As a college senior eager to blend my academic interest in Shakespeare with my desire to work with young students, it was heartening to talk with professionals of different backgrounds who demonstrated diverse ways to encourage their students to study and enjoy Shakespeare’s plays.  All of the participants in the conference shared a love of Shakespeare’s words but each drew on his or her own education, training, and personal interests in ways that reinforced for me that there is no solitary path leading to a career based on engagement with Shakespeare’s plays.   Ken Ludwig, best known for his Tony-award winning plays and musicals, explained how he combined his writing talents with the enjoyment he felt teaching his own children to memorize passages from Shakespeare in his book, How to Teach Your Children Shakespeare.  Author and musician Daeshin Kim shared how his daughter’s positive response to nursery rhymes as a language-learning tool sparked his interest in composing short children’s songs sung from the point of view of Shakespeare’s characters.  As I read Mr. Kim’s book, A Horse With Wings, and listened to a song sung by Cordelia entitled “I don’t know what to say,” I was as delighted to learn about such an innovative way of sharing Shakespeare with children as I would have been listening to Mr. Kim’s songs as a pre-school student.  I learned that my lack of crafting talent was unchanged from my pre-school years while participating in a craft-based lesson by Holly Rodgers (a teacher from Fairfax County public schools) for The Merchant of Venice, which demonstrated a visual and tactile way to connect ESL students with Shakespeare.  The effectiveness of performance-based teaching was reinforced for me as I participated in Renee Vomocil of The Idaho Shakespeare Festival’s examples of warm-up games, Virginia Palmer-Fuechsel’s combination of spoken word and movement activities, and the movement-based exploration of Romeo and Juliet led by OSU/RSC Stand Up for Shakespeare educators Lorraine Gaughenbaugh and Anna Meyer.  These exercises made me excited to act portions of the plays I so enjoy reading.  The effectiveness of these lessons on younger students was clear when I watched Jennifer Ventimiglia’s class in the Czech Republic dramatize sonnets and heard from Dr. Barbara Cobb about how her Shakespeare in the Schools Partnership Initiative was successful in getting children excited about Shakespeare.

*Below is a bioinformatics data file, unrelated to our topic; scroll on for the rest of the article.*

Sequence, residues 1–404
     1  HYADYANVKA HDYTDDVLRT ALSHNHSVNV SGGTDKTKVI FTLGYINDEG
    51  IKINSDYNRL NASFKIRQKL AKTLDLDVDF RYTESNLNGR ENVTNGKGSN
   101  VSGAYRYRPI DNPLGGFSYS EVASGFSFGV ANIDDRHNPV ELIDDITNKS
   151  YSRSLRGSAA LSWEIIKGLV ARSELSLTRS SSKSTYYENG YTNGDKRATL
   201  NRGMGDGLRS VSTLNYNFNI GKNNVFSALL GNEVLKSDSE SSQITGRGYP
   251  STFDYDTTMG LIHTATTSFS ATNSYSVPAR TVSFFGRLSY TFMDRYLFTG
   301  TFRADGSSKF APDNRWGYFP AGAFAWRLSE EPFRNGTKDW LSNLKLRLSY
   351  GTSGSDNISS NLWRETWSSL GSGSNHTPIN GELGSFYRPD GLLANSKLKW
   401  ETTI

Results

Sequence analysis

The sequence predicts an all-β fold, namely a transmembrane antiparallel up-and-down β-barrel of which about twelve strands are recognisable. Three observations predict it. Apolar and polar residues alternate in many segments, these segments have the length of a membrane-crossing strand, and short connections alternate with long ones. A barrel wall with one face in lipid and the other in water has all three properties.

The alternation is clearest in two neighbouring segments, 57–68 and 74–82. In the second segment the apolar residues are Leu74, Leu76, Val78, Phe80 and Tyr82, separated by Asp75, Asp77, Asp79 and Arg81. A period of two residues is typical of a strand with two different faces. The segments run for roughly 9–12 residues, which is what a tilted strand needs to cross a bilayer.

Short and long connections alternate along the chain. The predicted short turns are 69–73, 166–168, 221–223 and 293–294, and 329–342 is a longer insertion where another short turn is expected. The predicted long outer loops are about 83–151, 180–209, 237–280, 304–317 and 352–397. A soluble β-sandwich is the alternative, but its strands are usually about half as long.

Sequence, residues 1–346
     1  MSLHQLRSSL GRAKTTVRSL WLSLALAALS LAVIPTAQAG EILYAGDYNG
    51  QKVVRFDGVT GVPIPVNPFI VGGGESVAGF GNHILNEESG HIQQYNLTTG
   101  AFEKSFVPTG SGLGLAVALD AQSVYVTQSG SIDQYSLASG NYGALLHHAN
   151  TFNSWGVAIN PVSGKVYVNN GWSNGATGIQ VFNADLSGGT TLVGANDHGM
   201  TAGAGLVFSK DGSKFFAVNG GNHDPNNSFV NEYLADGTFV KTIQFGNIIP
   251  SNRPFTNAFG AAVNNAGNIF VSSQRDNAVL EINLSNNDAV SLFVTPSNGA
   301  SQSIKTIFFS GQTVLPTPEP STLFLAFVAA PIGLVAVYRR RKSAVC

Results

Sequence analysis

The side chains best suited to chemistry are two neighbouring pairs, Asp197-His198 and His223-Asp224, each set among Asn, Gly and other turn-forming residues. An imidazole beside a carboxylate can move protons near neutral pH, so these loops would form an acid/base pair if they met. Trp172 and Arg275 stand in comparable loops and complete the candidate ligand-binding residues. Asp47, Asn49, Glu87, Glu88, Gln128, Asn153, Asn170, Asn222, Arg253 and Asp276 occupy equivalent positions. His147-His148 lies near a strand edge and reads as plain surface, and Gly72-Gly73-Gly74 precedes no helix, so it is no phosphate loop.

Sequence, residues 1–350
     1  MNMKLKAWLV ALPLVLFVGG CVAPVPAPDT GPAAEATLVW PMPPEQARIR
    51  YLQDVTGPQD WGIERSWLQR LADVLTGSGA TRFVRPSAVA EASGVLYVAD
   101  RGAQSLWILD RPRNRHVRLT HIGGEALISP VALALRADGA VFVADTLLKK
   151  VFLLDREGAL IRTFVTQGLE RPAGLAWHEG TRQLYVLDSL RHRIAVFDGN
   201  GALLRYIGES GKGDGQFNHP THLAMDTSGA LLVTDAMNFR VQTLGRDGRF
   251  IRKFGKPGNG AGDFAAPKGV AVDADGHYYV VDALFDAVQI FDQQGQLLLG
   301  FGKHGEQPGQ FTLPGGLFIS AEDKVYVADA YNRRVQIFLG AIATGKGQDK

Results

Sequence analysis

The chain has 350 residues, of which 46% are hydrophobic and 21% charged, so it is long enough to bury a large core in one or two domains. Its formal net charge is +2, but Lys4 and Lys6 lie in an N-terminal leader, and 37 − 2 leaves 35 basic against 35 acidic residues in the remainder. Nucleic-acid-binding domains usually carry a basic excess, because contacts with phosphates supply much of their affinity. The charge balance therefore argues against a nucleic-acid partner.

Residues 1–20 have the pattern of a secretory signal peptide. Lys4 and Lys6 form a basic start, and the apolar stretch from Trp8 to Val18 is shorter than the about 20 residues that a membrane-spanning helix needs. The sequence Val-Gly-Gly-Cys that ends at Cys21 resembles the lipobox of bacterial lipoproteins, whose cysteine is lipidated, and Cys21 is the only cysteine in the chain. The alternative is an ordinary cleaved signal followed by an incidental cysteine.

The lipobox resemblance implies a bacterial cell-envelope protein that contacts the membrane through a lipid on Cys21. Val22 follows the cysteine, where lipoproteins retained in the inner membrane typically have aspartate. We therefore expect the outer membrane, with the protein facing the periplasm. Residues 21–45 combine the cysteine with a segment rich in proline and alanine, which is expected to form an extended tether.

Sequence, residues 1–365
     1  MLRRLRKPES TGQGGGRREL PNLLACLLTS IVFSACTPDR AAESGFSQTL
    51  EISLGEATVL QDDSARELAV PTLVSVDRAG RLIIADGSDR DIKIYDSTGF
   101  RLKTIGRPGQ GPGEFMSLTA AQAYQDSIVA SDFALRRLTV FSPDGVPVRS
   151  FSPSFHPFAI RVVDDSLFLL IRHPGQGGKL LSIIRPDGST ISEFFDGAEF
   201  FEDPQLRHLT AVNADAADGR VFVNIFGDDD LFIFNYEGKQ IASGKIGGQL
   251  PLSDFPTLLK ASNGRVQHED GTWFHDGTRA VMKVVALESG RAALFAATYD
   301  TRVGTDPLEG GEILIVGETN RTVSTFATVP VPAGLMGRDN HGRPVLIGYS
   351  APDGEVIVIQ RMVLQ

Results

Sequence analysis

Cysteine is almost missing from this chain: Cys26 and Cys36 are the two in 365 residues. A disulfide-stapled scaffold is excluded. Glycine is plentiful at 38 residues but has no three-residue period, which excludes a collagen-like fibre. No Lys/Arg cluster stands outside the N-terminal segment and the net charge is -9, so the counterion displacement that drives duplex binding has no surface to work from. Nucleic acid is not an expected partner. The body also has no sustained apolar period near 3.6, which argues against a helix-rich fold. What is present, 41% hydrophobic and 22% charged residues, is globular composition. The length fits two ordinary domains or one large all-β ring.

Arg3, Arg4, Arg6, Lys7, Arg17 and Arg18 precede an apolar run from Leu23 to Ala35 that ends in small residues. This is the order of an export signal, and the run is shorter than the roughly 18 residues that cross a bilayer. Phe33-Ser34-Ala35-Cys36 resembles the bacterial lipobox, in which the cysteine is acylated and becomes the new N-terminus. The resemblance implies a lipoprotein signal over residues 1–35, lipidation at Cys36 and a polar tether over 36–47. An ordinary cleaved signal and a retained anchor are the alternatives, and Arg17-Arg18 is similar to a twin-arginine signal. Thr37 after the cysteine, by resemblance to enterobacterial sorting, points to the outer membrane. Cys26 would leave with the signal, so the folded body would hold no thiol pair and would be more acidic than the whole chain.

A line from recent Georgetown University graduate Angela Ramnanan’s presentation on her master’s thesis best summarized the conclusion I took away from the conference: ‘results obtained from the research project provide compelling evidence of Shakespeare’s relevance in our current curriculum based on his cultural and linguistic influence.”  There is indeed much to do to further incorporate Shakespeare education in elementary school curriculum, and I was delighted to have the opportunity to learn about so many ways that educators are already inspiring their students to love Shakespeare.

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~by Holly Rodgers